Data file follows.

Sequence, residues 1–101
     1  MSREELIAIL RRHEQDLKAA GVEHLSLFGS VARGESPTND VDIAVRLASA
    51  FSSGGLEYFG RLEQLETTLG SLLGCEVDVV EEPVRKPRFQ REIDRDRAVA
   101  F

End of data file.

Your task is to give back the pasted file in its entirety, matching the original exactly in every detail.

Sequence, residues 1–101
     1  MSREELIAIL RRHEQDLKAA GVEHLSLFGS VARGESPTND VDIAVRLASA
    51  FSSGGLEYFG RLEQLETTLG SLLGCEVDVV EEPVRKPRFQ REIDRDRAVA
   101  F